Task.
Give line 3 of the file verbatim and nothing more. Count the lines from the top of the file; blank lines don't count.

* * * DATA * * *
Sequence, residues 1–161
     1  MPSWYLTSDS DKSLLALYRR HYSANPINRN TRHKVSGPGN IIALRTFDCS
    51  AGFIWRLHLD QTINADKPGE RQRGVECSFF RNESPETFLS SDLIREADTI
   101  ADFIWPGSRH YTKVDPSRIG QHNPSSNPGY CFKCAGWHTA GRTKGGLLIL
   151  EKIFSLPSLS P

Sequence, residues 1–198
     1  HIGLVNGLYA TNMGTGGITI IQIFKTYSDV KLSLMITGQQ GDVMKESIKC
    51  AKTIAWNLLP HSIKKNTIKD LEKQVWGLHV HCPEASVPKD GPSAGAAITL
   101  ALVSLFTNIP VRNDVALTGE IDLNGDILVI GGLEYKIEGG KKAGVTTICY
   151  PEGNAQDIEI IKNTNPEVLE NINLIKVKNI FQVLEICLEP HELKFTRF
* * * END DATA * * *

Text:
    51  AGFIWRLHLD QTINADKPGE RQRGVECSFF RNESPETFLS SDLIREADTI